Blue Hubbard Squash
Blue Hubbard squash has been described as flaky and bumpy skin. But as they say “looks can be deceiving”. Inside this bumpy skin squash contains sweet-tasting orange flesh. Rich with flavor and nutrients. It’s low fat, cholesterol free, low in sodium, great source of fiber, vitamins A and C.
Perfect to be baked or mashed and is a great addition to soups.
Delicata squash is also referred as peanut squash and Bohemian squash. It has a thin, edible skin that is easy to work with.
Good source of Iron, high in calcium, Rich in vitamins A and C.
They are great for quick-cooking squash.
Red Kuri Squash
Red Kuri is shaped like an onion, or teardrop. It has the appearance of a small pumpkin without the ridges. It’s a good source of fiber. It also provides vitamin A and vitamin C, some of the B vitamins, calcium, potassium, iron, riboflavin and thiamine.
It is mostly used in soups, stews and casseroles.
It has sweet and creamy orange flesh. Some people consider it as sweeter than other winter squash.
Buttercup squash is a full of nutrients. Loaded with vitamins A, B, and C, as well as calcium, magnesium, phosphorus, and potassium. It also provides protein and fiber.
Buttercup squash is extremely versatile. It can be served with herbs, stuffed, baked, added to soups, and stews. It’s also a great substitute for pumpkin pies.
Dry or bake the seeds for a healthy snack.
Named for its “acorn like” shape. Comes with variety of colors including yellow, dark green, tan, and orange. It has yellow-orange flesh and a tender-firm texture that holds up when cooked.
It is rich in dietary fiber and even has protein so you can burn fat, detox and build muscle.
Acorn Squash helps regulate blood pressure and build strong eye sight with it’s Vitamin A and beta-carotene.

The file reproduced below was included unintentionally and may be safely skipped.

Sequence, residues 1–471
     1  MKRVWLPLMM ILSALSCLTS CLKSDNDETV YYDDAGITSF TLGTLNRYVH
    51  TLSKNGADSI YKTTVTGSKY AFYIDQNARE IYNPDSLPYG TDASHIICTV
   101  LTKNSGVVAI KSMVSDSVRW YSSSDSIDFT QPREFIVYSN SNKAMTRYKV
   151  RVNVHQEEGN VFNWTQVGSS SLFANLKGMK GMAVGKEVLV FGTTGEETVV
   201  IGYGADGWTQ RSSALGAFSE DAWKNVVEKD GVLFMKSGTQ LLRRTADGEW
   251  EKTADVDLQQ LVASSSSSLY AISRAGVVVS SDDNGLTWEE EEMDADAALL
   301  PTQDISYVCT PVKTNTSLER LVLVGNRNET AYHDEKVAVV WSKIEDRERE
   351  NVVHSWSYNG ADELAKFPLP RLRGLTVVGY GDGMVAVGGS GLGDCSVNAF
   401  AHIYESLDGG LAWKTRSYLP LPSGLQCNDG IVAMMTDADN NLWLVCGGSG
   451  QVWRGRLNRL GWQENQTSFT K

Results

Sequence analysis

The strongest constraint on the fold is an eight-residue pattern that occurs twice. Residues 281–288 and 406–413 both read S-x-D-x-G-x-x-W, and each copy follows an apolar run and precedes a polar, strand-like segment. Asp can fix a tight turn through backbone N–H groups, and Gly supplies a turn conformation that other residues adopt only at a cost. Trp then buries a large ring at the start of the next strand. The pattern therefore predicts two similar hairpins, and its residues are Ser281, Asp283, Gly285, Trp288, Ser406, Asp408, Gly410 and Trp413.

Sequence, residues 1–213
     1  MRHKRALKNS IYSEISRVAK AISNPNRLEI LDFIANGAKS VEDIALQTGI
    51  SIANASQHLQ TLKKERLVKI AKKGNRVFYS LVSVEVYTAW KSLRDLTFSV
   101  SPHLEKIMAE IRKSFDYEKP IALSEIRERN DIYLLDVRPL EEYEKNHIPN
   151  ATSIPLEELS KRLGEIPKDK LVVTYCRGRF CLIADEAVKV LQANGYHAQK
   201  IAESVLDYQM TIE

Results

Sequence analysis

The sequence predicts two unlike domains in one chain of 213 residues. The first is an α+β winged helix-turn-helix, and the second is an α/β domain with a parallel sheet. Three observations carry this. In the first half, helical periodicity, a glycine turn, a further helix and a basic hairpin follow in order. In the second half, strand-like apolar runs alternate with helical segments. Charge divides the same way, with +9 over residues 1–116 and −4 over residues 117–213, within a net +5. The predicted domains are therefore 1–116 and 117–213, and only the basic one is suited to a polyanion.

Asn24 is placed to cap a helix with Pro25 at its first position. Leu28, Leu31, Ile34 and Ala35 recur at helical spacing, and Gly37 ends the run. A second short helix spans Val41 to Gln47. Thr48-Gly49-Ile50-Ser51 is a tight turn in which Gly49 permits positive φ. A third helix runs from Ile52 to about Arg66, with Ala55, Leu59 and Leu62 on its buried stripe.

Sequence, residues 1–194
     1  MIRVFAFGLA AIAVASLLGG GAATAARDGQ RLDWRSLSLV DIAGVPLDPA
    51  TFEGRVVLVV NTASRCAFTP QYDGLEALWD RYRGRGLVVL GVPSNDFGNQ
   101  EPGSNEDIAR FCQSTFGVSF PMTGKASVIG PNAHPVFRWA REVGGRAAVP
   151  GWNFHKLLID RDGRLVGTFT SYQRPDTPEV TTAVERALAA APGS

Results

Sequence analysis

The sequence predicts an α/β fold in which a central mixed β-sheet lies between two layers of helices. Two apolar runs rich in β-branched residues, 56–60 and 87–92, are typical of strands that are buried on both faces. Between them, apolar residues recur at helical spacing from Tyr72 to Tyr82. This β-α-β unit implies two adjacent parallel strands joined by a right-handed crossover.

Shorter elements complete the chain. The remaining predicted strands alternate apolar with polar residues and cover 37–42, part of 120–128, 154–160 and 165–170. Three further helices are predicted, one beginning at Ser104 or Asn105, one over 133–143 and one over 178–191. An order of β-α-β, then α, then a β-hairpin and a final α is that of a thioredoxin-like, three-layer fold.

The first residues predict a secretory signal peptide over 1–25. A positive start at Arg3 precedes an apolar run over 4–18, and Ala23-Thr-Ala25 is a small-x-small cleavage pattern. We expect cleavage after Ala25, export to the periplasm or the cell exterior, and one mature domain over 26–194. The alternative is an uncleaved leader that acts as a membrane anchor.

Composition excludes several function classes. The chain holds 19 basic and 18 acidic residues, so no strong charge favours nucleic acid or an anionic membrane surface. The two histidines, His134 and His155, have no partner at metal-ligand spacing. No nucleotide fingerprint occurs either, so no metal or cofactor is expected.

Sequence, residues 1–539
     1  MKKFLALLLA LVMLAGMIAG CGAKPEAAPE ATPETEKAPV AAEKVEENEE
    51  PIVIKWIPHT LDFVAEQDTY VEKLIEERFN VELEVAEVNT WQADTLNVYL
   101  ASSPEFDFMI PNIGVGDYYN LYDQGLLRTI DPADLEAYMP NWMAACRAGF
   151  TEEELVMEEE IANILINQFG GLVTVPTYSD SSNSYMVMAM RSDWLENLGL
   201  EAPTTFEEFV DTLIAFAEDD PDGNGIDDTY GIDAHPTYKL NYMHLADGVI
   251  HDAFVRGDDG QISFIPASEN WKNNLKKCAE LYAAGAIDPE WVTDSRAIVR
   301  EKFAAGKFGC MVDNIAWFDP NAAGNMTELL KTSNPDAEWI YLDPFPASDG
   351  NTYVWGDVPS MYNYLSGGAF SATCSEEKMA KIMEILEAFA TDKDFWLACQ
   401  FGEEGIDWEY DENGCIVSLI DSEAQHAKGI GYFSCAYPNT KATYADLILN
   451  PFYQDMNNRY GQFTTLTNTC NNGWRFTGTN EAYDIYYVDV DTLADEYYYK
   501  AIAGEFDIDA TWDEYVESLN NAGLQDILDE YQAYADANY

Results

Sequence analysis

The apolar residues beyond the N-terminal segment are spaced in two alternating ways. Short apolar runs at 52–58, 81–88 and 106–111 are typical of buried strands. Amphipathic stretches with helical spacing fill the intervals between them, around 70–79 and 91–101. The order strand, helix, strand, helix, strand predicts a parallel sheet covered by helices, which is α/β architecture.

Here’s an easy, healthy and impressive looking Acorn Squash Recipe from Healthy Family Meal Plans
Stuffed Acorn Squash
- 2 medium acorn squash ,halved and seeds scooped out
- 1 pound ground additive free breakfast sausage
- 1 tablespoon coconut oil
- 1/2 medium onion ,chopped
- 1 cup chopped cauliflower florets
- 1/2 cup of dried cranberries ,soaked
- 1 medium apple ,peeled and cubed
- 1 tablespoon fresh chopped thyme
- 1 tablespoon fresh chopped oregano
- Sea salt and freshly ground black pepper to taste
- Preheat oven to 400 degrees. In a large roasting pan, place the squash cut side up.
- In a large bowl mix together the remaining ingredients (breakfast sausage through salt and pepper)
- Stuff the squash with the mixture.
- Place in the oven to cook for 35-40 minutes, or until the stuffing is cooked through and the squash are tender.
- Remove from the oven and serve.
ELLA’s ABC’s of squash – See what some of these squash look like. We never knew what some of these squash were until we made this video for you!
Which one of these squash do you like or would like to try?
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I’m addicted to cooking real foods and shopping locally at Farmer’s Markets.I am a health revolutionary who is writing this blog with a desire to “pay it forward in health”.This desire stems from love and my pursuit to make a difference in people’s health and wellbeing”.
I am a certified Transformational Nutrition Coach that helps women discover their healthy lifestyle that finally works so that they can transform into the healthy sexy and confident woman they want, and are meant to be.